Moreover, the Attorneys acting on your behalf must have reasonable belief that you lack the capacity to make a certain decision and make efforts to help you make it yourself before acting themselves. Such efforts may include:
- Providing information in a way that is easy for you to understand, in an environment in which you are comfortable
- Consulting you at a time when your understanding may be better i.e. a period of lucidity or in the mornings when you are more alert
- Finding others to help express a particular view e.g. other family members
- Considering whether it’s possible to postpone the decision to a time when circumstances may be better
Setting up Power of Attorney
Setting up a LPA is not entirely straightforward although it can be done if you are very good at filling in long forms very accurately. The problem is that these forms can take several months to be reviewed by the court of protection after submission.
Once completed, the forms then need to be signed by a qualified certificate provider before submission who has to confirm that you haven’t been put under pressure to sign.
Finally, the LPA needs to be registered with the Office of the Public Guardian and the correct fee paid. Registration takes approximately nine weeks and must be done while you still have the mental capacity to conduct your affairs. There is an £82 registration fee to register each Power of Attorney but if your income is below £12,000 that fee may be reduced by 50% and if you receive certain means tested benefits the fee can waived altogether.
What happens if you don’t make an LPA?
As we’ve already discussed, the purpose of setting up a Lasting Power of Attorney is to ensure important decisions regarding your health or finances can be made for you, should a time come when you can’t make them yourself.
Not appointing a LPA in time could mean that no-one is legally able to make such decisions on your behalf, which can make paying bills, getting treatment or care arranged very difficult. Contrary to what you may believe, a partner or spouse doesn’t automatically have the authority to deal with your bank account and your other financial affairs should you lose the mental ability to do this yourself. An LPA must be in place for them to be legally authorised to handle these matters in your stead.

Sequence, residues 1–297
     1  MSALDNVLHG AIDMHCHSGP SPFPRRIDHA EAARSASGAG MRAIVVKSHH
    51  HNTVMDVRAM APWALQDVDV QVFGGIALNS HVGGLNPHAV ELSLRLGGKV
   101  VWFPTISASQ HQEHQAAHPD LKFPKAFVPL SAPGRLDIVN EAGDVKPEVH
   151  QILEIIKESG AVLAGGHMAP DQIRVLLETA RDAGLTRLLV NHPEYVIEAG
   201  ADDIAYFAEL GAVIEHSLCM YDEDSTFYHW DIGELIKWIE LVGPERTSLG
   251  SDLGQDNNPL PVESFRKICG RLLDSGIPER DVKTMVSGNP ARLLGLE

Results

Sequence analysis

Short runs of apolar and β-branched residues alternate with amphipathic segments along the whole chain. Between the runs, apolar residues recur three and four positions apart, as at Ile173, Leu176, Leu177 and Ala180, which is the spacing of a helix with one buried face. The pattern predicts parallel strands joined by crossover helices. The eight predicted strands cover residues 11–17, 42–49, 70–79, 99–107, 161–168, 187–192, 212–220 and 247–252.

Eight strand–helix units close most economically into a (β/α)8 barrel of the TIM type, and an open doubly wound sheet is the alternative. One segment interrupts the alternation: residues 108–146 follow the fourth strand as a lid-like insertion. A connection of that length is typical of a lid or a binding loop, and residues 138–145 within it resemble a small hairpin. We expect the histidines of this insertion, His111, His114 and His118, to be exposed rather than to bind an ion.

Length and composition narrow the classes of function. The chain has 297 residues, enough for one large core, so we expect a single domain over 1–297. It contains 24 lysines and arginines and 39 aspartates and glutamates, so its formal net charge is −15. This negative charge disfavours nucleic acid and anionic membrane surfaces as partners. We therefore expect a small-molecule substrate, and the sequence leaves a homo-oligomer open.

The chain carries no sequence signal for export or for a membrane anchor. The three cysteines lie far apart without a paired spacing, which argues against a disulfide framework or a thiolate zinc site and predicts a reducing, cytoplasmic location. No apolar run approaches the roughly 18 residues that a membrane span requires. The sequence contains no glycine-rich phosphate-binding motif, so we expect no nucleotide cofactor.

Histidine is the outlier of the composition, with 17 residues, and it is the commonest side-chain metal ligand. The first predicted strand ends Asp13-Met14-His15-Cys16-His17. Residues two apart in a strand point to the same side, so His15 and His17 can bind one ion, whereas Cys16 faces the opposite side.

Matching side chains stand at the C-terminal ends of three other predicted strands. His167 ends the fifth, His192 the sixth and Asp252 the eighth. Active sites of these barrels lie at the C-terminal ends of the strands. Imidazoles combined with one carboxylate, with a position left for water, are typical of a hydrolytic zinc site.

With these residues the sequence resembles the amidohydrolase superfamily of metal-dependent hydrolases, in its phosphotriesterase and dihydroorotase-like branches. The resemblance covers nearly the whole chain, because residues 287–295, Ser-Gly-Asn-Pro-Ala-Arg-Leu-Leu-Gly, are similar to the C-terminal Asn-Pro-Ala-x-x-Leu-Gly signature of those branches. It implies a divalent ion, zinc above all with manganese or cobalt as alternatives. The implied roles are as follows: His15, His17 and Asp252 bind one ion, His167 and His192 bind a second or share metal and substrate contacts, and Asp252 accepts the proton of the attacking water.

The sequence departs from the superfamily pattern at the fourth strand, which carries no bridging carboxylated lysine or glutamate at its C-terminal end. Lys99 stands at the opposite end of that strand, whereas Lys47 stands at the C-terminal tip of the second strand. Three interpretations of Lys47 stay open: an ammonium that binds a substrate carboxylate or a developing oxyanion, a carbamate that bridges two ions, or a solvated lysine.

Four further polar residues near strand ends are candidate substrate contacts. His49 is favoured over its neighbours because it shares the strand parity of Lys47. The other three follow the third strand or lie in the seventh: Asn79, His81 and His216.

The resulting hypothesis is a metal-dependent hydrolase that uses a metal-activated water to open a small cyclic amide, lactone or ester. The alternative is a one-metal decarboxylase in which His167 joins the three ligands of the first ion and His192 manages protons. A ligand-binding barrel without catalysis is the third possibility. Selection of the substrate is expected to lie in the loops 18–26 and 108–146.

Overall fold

With no LPA in place, you would need someone to apply to the Court of Protection to become your deputy. This could be a relative, friend or professional who will obtain similar powers to those of an Attorney. This process, however, is more time consuming and expensive than simply setting up an LPA and also requires the deputy to submit an annual report to the court and pay a fee.
On balance, choosing an LPA is the recommended option, if only because it provides you with the peace of mind that comes with knowing someone you love and trust can manage your affairs if the need arises.
Help with Lasting Power of Attorney
THP Chartered Accountants can assist you with anything related to Lasting Power of Attorney and help ensure your finances and wellbeing is always in safe hands.
Contact us today for help with your Power of Attorney and enjoy the peace of mind that your affairs will be properly looked after when you reach the point that you are unable to handle them yourself.
About Jon Pryse-Jones
Since joining THP in 1978, Jon Pryse-Jones has been hands on with every area of the business. Now specialising in strategy, business planning, and marketing, Jon remains at the forefront of the growth and development at THP.
An ideas man, Jon enjoys getting the most out of all situations, “I act as a catalyst for creative people and encourage them to think outside the box,” he says, “and I’m not afraid of being confrontational. It often leads to a better result for THP and its clients.”
Jon’s appreciation for THP extends to his fellow team members and the board. “They really know how to run a successful business,” he says. He’s keen on IT and systems development as critical to success, and he continues to guide THP to be at the cutting edge and effective.